White Dog, White Lightning, Moonshine – it seems like everyone is making some sort of clear whiskey and Kansas Clean Distilled Whiskey seems to be one of the more “interesting” on the market.
The Kansas website say’s their product is a “new whiskey for new whiskey drinkers” which I find a bit odd since most of the folks I host monthly whiskey tastings for are completely new to whiskey are already enjoying bourbon and aged whiskeys. I purchased this bottle because of all the negative press floating around about it. I like to try things myself before jumping on the band wagon one way or another however, this bottle leaves me feeling a little perplexed on whether it even warrants a review on my site (since it’s dedicated to reviewing whiskey) because well, I’m not sure it deserves to have the word “whiskey” on the bottle except for a slight technicality. Let me explain…
You see Kansas Clean Distilled Whiskey is only whiskey because it falls into the “Spirit Whiskey” category. A Spirit Whiskey (as I understand it) is a blend of 5% whiskey and 95% grain neutral spirit (GNS) otherwise known as Vodka. From what I’ve read, Spirit Whiskey was popular after Prohibition because there was so little whiskey in stock that producers tried to stretch it out by adding only a bit of aged whiskey to their large amounts of grain spirit. While this lasted for some time, eventually the two spirits went back to being properly produced and sold separately.
The site and the marketing behind this product is done by Fabulous American Beverages (FAB for short) continues to poke fun at everyone who doesn’t resemble someone out of a stock art image search for “trendy hipsters”. Especially at those who came before us and pioneered the whiskey culture to make it what it is today. One of the interviews I read online with the founder Paul Goldman had this quote about why he decided to pursue this product “I was in London at a bar with my wife. She ordered a vodka drink and I suggested she be more daring and order a whiskey. She replied that whiskey was for old men and it wasn’t cool. That was my call to action.” Personally, I don’t order drinks based on what I think would look cool – but hey, everything about their marketing is centered on looking “cool”.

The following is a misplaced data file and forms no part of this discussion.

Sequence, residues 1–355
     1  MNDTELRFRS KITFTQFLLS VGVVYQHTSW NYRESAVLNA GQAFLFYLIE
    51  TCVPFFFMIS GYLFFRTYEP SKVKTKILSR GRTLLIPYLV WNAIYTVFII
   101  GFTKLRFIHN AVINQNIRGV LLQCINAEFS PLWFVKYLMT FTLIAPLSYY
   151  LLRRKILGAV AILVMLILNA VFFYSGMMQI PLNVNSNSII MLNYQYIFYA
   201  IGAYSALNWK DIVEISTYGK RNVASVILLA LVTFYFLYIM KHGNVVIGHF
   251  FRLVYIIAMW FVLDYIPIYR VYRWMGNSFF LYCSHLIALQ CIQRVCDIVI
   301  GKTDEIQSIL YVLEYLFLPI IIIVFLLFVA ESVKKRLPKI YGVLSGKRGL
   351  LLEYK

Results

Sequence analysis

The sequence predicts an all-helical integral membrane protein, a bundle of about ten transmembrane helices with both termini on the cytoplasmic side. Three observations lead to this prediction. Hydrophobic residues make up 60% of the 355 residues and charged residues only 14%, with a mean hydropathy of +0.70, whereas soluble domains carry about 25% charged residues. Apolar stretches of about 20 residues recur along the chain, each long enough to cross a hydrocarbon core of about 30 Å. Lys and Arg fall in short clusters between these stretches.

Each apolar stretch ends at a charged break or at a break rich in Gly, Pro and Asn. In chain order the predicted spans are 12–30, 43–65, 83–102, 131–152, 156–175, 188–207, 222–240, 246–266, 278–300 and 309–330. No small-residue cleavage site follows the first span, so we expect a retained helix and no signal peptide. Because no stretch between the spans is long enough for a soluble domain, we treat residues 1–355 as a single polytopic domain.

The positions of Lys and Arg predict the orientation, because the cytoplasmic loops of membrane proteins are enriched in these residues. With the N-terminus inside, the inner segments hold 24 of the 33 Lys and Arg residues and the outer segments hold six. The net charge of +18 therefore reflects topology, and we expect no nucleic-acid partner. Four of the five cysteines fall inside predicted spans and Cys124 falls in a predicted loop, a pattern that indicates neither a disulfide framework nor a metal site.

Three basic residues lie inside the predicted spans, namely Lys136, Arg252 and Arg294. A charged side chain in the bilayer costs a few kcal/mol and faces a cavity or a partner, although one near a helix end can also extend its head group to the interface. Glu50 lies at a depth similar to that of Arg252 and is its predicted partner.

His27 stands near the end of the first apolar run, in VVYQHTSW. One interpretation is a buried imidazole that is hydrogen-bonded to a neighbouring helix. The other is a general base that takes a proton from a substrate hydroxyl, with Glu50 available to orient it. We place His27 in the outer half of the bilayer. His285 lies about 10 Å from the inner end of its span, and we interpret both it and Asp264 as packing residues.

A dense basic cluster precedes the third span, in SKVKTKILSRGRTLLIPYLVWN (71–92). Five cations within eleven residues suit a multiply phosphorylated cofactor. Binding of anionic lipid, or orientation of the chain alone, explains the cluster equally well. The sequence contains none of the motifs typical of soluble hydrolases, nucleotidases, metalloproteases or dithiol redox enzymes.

So where does this leave us?
It leaves us with a spirit company making fun of traditional whiskey culture all while trying to leverage the name, history and popularity to be included in a genre of spirits enjoyed around the world in hopes to sell a few bottles of ever so slightly “whiskey flavored” Vodka.
If they were to take the word “whiskey” off the bottle they might just have a viable product that people would buy to make cocktails – a kind of “I don’t care what alcohol you use just as long as I get tipsy and don’t taste the booze” type of drinker’s dream drink. However, for $30ish dollars I imagine that most bartenders or home bars would just stick to their favorite mixing vodka and save some money.
In regards to the taste, it tastes similar to a locally made Vanilla Bean Vodka I recently tried but nothing like whiskey. My favorite quote from a recent whiskey tasting was that this was a “sorority whiskey” and that my friends is all you need to know.